Getting rejected is never fun. It can be especially painful when you get rejected at interview for a coveted medical school place. You have worked so hard for what can be many years and then you fall short at the very end. But what if you could turn a negative experience into a positive one?
After being rejected during 3 application cycles (including one interview rejection), before being accepted at my 4th attempt, here are 3 things I learnt.
Accept that you have things to improve
It is natural to feel sad when we do not achieve what we want. We may even think that we were better than the other applicants and that we should have been chosen over others. It’s okay to feel disappointed. But, you have to accept that there is a good chance that other applicants performed better than you and that you have things to work on.
Immediately after my interview rejection, I refused to believe that others performed better than me. Over time, I critically reflected on my performance and there were many aspects of the interview that didn’t go to well. Once I accepted reality, I started to work on my weaknesses until they became my strengths and I finally achieved a place at medical school.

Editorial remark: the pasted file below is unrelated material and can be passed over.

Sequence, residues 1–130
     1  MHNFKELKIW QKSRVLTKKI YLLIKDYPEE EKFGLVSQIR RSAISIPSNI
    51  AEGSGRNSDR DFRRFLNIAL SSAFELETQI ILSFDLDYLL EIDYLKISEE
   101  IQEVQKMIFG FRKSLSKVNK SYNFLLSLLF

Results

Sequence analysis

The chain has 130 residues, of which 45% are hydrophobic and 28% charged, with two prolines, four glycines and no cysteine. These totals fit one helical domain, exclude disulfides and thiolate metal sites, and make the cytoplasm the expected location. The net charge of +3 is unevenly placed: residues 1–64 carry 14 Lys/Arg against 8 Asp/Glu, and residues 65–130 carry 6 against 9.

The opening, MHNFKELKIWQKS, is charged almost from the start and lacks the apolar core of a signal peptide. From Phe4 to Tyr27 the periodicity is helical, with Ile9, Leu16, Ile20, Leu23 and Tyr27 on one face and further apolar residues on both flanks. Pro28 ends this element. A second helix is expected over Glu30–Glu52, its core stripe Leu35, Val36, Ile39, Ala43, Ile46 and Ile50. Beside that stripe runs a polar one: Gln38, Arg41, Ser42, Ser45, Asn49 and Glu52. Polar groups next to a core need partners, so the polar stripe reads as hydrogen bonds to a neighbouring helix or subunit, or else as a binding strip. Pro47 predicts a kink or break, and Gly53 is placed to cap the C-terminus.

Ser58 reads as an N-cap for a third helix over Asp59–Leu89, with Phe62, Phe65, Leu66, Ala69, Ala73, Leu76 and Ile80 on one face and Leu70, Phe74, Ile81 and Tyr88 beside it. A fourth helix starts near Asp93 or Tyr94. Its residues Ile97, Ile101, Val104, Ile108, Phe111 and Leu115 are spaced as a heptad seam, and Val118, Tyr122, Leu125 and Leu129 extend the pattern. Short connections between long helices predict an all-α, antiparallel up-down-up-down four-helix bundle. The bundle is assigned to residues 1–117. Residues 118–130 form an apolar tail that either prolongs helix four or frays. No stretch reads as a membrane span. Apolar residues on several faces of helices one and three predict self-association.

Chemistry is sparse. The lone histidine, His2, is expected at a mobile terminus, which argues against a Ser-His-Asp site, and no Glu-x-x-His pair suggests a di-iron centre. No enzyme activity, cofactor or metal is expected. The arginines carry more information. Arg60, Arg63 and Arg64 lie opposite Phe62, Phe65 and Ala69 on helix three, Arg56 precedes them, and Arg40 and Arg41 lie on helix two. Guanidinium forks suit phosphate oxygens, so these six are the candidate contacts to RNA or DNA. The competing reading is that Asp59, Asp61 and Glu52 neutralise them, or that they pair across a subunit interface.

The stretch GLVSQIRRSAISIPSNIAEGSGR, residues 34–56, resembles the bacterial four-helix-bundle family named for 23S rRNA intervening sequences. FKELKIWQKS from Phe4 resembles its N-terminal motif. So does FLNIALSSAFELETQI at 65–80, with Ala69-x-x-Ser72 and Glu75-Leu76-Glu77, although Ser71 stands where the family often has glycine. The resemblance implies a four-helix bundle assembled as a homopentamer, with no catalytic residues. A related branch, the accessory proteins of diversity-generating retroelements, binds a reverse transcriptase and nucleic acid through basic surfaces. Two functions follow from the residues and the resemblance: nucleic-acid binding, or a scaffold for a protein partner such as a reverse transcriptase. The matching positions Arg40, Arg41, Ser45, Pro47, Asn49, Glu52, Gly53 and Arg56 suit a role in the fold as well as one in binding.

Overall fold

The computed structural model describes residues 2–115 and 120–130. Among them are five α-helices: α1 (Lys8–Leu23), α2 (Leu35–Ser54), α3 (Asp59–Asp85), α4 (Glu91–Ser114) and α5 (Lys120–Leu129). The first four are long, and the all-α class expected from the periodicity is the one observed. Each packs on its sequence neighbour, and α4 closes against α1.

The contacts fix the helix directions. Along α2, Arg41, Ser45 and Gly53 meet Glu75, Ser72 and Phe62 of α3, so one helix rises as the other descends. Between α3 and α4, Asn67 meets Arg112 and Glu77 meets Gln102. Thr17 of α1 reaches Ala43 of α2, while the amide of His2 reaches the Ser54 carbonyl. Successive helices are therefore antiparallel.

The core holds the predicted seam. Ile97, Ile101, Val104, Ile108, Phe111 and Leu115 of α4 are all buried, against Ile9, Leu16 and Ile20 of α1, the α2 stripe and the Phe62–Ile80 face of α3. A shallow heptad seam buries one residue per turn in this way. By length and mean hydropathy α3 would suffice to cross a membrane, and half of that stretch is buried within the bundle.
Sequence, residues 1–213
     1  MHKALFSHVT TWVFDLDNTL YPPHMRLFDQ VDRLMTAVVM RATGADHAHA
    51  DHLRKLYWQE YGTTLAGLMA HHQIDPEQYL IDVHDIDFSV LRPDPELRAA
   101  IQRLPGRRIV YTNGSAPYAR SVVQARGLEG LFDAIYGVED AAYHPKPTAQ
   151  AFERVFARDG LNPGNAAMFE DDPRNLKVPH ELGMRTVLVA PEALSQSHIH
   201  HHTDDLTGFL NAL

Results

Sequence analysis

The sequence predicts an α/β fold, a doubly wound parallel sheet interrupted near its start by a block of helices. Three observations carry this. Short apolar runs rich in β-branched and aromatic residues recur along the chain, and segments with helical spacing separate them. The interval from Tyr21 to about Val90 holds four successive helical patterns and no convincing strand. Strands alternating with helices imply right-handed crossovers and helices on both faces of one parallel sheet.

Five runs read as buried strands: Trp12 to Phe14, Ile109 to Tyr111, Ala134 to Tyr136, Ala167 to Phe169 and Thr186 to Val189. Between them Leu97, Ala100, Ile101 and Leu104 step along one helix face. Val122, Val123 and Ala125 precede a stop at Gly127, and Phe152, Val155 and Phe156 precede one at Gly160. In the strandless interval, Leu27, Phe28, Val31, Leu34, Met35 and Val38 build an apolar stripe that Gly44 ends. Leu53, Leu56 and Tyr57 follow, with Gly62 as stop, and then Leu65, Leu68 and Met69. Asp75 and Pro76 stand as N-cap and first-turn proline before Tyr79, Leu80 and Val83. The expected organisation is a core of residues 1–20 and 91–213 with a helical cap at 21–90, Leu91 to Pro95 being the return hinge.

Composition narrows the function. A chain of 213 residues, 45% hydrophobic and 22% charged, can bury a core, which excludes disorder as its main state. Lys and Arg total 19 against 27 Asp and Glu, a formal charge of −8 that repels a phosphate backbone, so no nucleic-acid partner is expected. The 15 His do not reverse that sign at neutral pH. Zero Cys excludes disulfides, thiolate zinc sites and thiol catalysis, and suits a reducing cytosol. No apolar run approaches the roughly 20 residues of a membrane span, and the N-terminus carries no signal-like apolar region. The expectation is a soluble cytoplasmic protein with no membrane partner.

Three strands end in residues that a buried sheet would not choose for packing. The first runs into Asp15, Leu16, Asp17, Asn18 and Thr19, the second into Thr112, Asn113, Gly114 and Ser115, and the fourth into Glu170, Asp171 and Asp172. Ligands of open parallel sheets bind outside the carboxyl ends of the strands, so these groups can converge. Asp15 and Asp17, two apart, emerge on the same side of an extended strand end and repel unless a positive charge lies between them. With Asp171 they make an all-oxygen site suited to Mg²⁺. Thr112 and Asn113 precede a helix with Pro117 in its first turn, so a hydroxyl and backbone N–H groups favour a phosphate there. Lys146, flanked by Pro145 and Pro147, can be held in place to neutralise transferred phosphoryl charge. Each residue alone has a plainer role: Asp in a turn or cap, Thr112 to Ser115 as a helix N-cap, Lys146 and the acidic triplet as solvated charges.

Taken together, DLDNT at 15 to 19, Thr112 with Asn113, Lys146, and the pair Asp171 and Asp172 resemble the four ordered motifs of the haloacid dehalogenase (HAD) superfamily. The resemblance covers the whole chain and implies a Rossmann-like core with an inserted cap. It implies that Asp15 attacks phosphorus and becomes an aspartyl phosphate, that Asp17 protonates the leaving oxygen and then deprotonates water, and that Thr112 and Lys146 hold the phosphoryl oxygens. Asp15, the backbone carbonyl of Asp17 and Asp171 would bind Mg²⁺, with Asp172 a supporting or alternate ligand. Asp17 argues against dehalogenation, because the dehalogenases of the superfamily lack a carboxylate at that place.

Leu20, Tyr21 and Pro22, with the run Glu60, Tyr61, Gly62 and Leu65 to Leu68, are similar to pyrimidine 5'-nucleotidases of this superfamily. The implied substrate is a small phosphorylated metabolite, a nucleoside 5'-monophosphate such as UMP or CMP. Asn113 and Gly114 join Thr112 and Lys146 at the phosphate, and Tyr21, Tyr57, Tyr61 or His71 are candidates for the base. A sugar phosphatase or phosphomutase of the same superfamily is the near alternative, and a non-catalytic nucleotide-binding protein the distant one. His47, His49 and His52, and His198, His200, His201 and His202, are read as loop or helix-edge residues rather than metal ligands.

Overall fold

Rejection can lead to new opportunities you never considered
It might sound strange but looking back I’m grateful that I was rejected those three times.
I had the opportunity to use the extra time granted to me by not being a medical student to pursue a Master’s degree, qualify as a personal trainer and develop interests in business and entrepreneurship. I got valuable work experience in areas I am now passionate about and which are now my career ambitions. These opportunities helped me to mature greatly. Now that I am at medical school, I can focus my efforts on activities that will give me a bright future after medical school.
In hindsight, I don’t think I would have been mature enough to discipline myself the way I do now, if I had got a place at medical school earlier.
Become more resilient
Rejection, setbacks etc, will develop your character and will make you a better doctor in the long run. You also get to ask yourself, if you really want what you say you want as badly as you say you do.
You become stronger when you face resistance which prepares you to face any difficult situation. Obstacles are inevitable but if you stick with the process you will grow into the best version of yourself. Use rejection to fuel your ambition.
From here, I wish you the best with your journey into medical school. It may take longe than you expect, but remember your 'Why' along the way.
Until next time.
BSc, 2nd Year Medical Student